As for the description, this short area is your online salesman. It should be unique, grab a consumer’s attention and ultimately get you the sale. Don’t just write about the product features; really ponder who your customer is and why they’d want to purchase your piece of apparel and then write a description. Explain the benefits and features, but be concise, and use keywords naturally.
A consumer may find and like your product, but if they don’t trust you as a company, they won’t buy from you. Showing off reviews from previous customers is a great way to show that you’re a reputable seller and that a consumer can trust you.
Tip 4: Generate Reviews
Reviews matter to consumers. In fact, 88% of online shoppers include reviews into their decision-making process when making an online purchase. Consumers trust online reviews, so if you want them to trust and buy from your company, then you need to get positive reviews.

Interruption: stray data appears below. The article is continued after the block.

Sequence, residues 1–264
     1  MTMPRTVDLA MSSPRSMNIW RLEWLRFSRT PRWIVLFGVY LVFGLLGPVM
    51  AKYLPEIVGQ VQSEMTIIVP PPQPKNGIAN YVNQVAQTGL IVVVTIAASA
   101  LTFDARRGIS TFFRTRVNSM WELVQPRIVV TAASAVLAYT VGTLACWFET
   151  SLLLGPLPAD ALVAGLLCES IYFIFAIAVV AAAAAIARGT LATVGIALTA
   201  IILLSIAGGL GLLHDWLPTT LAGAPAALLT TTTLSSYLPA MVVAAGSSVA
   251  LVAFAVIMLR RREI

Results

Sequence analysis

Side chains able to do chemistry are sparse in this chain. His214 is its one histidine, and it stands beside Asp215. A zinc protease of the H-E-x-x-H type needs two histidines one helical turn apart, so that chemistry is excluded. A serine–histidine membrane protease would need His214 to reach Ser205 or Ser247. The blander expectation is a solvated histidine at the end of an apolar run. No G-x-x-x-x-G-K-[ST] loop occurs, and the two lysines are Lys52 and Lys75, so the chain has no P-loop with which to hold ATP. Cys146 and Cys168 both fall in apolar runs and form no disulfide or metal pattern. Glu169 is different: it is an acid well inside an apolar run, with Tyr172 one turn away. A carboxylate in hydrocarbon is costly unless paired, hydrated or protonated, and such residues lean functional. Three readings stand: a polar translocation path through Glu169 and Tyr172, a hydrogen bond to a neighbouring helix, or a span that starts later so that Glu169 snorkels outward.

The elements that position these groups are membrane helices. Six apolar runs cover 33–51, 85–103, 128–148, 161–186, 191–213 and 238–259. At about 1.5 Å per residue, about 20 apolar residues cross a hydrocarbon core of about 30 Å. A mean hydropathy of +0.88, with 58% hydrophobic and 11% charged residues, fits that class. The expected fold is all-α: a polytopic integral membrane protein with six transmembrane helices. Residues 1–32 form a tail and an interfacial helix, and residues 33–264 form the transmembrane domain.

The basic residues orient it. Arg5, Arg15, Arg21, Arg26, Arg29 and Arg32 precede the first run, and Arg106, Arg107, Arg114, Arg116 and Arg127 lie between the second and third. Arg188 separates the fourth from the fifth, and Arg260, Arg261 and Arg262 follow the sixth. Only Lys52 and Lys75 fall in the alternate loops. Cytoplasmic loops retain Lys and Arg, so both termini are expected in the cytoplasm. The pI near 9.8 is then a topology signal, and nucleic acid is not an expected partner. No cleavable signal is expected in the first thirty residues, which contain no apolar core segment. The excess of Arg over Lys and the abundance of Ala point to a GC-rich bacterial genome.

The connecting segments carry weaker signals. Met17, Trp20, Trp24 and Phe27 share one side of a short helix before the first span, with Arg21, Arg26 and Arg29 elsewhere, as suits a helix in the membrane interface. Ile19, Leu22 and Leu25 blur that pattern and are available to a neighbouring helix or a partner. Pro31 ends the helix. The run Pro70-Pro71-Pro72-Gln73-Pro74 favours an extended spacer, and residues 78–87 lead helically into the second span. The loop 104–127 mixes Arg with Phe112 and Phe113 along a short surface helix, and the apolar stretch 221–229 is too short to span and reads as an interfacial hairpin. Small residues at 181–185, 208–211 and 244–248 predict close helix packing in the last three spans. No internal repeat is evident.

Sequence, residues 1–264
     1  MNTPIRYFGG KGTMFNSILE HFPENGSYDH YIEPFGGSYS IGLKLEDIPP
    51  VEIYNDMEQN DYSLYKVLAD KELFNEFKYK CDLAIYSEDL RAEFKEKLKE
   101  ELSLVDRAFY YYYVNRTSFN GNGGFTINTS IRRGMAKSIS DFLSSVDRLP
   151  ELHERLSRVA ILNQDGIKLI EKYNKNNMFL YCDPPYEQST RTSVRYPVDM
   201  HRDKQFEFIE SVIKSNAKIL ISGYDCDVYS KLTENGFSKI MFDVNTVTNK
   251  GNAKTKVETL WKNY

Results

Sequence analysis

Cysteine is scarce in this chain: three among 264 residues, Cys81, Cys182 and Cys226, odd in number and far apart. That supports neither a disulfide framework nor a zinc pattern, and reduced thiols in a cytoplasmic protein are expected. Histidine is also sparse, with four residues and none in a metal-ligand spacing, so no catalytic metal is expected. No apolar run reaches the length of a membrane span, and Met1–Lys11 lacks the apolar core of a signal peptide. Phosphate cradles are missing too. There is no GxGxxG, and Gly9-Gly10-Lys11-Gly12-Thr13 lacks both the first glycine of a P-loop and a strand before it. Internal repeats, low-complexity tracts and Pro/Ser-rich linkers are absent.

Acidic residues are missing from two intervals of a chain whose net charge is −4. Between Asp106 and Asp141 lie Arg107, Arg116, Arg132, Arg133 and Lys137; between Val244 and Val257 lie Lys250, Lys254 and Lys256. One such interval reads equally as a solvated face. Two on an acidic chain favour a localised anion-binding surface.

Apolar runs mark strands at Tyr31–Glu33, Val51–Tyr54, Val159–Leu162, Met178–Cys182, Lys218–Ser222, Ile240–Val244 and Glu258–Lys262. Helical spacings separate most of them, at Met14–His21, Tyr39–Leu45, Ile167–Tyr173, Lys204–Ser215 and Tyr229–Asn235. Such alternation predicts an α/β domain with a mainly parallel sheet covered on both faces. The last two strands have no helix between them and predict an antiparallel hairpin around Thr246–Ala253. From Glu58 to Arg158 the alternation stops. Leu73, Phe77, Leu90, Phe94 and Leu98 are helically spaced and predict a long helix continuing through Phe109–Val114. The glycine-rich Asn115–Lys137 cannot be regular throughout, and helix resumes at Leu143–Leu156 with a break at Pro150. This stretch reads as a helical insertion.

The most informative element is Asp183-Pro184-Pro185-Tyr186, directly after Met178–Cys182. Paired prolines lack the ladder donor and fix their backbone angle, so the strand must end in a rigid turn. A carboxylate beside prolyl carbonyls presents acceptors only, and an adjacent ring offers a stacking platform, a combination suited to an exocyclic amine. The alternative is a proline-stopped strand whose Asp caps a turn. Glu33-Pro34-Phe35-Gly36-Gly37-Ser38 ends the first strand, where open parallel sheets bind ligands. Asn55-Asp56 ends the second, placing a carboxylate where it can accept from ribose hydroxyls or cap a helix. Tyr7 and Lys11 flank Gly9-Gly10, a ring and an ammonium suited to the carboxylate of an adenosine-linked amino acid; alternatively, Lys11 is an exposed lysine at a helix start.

There are a couple of ways to get reviews quickly. One way is to use a reviews service like Review Kick. This review acquisition and management solution lets you choose a group of reviewers to promote your products to, more than 55,000 Amazon shoppers, and then exchange your product at a discounted price for an honest review. You can also reach out to any of Amazon’s top reviewers and ask them to review your product because reviews from these reviewers are more valuable and important to Amazon.
Above all, offer a high-quality product and provide great customer experiences to get more reviews, and send a follow-up email to customers asking them if they’d fill out a quick review for you and the product they purchased. And for a better response rate, offer them an incentive, like 20% off their next purchase.